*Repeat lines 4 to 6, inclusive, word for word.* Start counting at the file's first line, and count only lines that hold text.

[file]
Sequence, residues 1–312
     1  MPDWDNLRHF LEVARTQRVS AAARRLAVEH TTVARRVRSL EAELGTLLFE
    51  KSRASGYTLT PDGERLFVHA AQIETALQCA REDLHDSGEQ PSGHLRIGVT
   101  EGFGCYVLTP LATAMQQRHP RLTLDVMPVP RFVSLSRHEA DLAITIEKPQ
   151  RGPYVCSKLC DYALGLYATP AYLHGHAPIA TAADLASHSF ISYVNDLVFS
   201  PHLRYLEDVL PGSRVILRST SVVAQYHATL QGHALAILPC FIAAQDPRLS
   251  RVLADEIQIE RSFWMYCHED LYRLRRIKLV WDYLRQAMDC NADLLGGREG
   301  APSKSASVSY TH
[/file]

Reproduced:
   101  EGFGCYVLTP LATAMQQRHP RLTLDVMPVP RFVSLSRHEA DLAITIEKPQ
   151  RGPYVCSKLC DYALGLYATP AYLHGHAPIA TAADLASHSF ISYVNDLVFS
   201  PHLRYLEDVL PGSRVILRST SVVAQYHATL QGHALAILPC FIAAQDPRLS